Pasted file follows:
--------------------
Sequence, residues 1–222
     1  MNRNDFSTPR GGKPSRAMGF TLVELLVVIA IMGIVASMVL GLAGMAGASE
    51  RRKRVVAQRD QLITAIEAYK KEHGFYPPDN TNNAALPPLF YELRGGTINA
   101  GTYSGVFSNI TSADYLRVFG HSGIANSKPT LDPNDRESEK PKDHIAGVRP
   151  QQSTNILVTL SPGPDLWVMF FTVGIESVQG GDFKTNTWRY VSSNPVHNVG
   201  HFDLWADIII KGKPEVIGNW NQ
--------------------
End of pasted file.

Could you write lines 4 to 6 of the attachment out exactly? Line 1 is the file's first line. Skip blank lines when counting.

   101  GTYSGVFSNI TSADYLRVFG HSGIANSKPT LDPNDRESEK PKDHIAGVRP
   151  QQSTNILVTL SPGPDLWVMF FTVGIESVQG GDFKTNTWRY VSSNPVHNVG
   201  HFDLWADIII KGKPEVIGNW NQ